Our bodies are made almost entirely from water. It is essential in carrying the solution of dissolved nutrients that our muscles require through the blood stream, and it carries out the vital role of cooling our body when we heat it up with vigorous exercise.

With this in mind it seems like common sense to drink as much water as possible before and during your training rides. While it is important to hydrate, if you outstrip your body's ability to process the water you are drinking your body will simply store it in your stomach or tissues. Your performance will be affected which can lead to cramps. If you really overdo it you might develop hyponatremia, where there is so much water that the concentration of nutrients in the blood becomes too low.

Your performance on the bike is closely linked to level of hydration in your body. Electrolytes, minerals that can carry an electric charge, are essential in conveying messages from our central nervous system to our muscles. When you sweat electrolytes are dissolved in the water that you secrete, constantly depleting your supply. If you get dehydrated, regardless of how much electrolytes are available there will not be enough liquid to transport them where they need to be. Further, if you drink too much water the electrolytes will become too diluted to do any good. If your body's electrolytes are depleted your muscles will simply cease working, and lock up in an extremely painful cramp.

Generally the body can handle about 500 to 750 ml every hour while you are exercising strenuously and it is not excessively hot. You should try to start drinking water at this rate about two hours before exercising, and then drink nothing in the 20 minutes just before you start to allow the water to be absorbed. Throughout the race you should take numerous small drinks, rather just a binge at a stop, or finish a full water bottle in desperation.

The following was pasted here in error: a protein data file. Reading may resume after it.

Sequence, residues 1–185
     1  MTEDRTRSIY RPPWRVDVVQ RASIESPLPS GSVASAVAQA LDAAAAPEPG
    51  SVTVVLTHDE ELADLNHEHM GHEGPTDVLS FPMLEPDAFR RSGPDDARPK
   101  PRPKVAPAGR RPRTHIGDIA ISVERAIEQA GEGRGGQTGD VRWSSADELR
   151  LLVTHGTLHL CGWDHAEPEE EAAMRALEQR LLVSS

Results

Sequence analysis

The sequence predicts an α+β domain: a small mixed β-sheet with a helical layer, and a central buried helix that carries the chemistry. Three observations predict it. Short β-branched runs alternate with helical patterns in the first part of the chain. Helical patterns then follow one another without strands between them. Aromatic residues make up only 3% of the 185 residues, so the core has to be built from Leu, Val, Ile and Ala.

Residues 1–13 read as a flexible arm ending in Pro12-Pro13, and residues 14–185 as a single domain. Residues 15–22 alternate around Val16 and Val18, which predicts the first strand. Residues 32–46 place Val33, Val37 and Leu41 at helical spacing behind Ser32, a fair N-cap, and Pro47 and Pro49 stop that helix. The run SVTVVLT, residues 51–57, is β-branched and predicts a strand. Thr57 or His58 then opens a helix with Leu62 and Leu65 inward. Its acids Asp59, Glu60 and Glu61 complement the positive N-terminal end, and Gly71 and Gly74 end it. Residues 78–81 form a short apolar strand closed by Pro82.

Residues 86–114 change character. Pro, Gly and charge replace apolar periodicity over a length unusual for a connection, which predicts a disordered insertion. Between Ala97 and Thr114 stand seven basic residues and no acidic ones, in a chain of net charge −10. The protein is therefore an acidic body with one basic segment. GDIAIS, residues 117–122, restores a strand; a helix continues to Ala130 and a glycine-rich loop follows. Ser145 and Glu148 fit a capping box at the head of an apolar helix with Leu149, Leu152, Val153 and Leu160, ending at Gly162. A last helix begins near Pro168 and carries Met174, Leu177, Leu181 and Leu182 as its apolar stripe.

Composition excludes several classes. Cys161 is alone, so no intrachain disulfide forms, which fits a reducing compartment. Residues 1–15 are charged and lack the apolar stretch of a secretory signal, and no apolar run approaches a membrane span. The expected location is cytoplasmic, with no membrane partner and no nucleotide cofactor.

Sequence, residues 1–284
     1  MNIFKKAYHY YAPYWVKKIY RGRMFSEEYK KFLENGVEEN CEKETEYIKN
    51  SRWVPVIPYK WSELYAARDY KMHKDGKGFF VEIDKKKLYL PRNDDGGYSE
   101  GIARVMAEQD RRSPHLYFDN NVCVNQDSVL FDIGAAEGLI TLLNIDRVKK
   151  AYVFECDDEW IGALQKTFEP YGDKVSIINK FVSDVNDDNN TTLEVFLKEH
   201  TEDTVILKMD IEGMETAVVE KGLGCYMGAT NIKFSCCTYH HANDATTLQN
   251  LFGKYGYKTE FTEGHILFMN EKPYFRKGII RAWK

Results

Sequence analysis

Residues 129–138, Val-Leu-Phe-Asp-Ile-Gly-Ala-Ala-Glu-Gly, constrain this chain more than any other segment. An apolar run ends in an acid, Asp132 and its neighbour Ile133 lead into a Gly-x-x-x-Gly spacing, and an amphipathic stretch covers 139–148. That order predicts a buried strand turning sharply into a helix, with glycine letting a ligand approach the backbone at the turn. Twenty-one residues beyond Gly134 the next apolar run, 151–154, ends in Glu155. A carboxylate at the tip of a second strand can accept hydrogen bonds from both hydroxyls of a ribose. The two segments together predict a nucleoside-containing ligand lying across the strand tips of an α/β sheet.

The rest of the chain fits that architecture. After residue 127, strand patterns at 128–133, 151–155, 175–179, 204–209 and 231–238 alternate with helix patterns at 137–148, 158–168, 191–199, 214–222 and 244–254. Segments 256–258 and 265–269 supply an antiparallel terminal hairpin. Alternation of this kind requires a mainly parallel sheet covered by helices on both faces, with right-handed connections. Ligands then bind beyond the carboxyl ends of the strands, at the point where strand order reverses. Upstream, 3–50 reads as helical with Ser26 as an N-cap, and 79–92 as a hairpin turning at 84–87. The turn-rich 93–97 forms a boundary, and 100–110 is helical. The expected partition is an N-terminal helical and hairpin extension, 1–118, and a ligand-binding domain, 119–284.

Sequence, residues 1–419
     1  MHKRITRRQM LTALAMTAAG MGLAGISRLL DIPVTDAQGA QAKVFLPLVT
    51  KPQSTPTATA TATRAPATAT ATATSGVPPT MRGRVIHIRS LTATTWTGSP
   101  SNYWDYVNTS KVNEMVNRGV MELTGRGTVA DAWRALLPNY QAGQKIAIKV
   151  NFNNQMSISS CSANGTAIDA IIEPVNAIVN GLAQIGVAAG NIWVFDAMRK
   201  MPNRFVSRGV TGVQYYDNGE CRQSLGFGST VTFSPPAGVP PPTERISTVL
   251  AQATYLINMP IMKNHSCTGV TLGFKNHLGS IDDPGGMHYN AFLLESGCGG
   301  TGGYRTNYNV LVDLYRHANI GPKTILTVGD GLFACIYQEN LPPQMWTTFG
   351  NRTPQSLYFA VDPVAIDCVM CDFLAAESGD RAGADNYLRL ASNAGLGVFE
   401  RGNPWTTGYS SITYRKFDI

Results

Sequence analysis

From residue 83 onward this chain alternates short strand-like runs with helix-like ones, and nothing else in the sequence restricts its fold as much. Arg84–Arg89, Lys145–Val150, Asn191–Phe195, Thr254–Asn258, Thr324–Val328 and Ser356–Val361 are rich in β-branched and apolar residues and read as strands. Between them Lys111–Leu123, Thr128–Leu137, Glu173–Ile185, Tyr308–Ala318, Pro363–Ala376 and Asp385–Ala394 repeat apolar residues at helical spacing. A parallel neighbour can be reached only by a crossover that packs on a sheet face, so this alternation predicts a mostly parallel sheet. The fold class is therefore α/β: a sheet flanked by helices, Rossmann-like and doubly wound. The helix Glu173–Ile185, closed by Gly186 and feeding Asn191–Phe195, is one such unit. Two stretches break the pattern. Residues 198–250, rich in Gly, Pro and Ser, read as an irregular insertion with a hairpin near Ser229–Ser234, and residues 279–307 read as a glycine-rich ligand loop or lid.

http://www.cycling-secrets.com - free cycling software and resources
http://monroe15.wordpress.com/ - Matt's Cycling Blog

Article Source: http://EzineArticles.com/845304

DEHYDRATION – THE PERFORMANCE KILLER!

So choose to drink often with sufficient quantities. Since most cyclists are not in the habit of drinking sufficient quantities frequently, you may psychologically convince yourself that you do not need this water. If you allow a mental emotion to make your choices for you, you are ignoring the reality of the human body mechanism and its physical needs. If you choose not to drink adequately, then you risk a severe penalty of dehydration and hospitalization.


Human Water Needs While Cycling
Note: water with small percentages (4 to 7%) of carbohydrates and adequate amounts of electrolytes will increase the water absorption by the body in the small intestine and replace the electrolytes lost in sweating.


BodyWeight Water Need Range per Hour Number of Water Bottles
55 kg 0.5-0.75 lt 1 to 2 regular
72 kg 0.75-1.75 lt 1 to 2 tall
90 kg 1.75-2.5 lt 1.5 to 3 tall


http://www.inlandempirecycling.com/Cycling/dehydration.htm


Last edited by Spindoctor on Mon Jun 06, 2011 11:13 pm; edited 2 times in total
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Re: Dehydration

Post  watto on Mon Jun 06, 2011 7:28 pm

Seriously Great Stuff Dom and something for us to all take on board along with Nutrition advice as per Stephan discussion this morning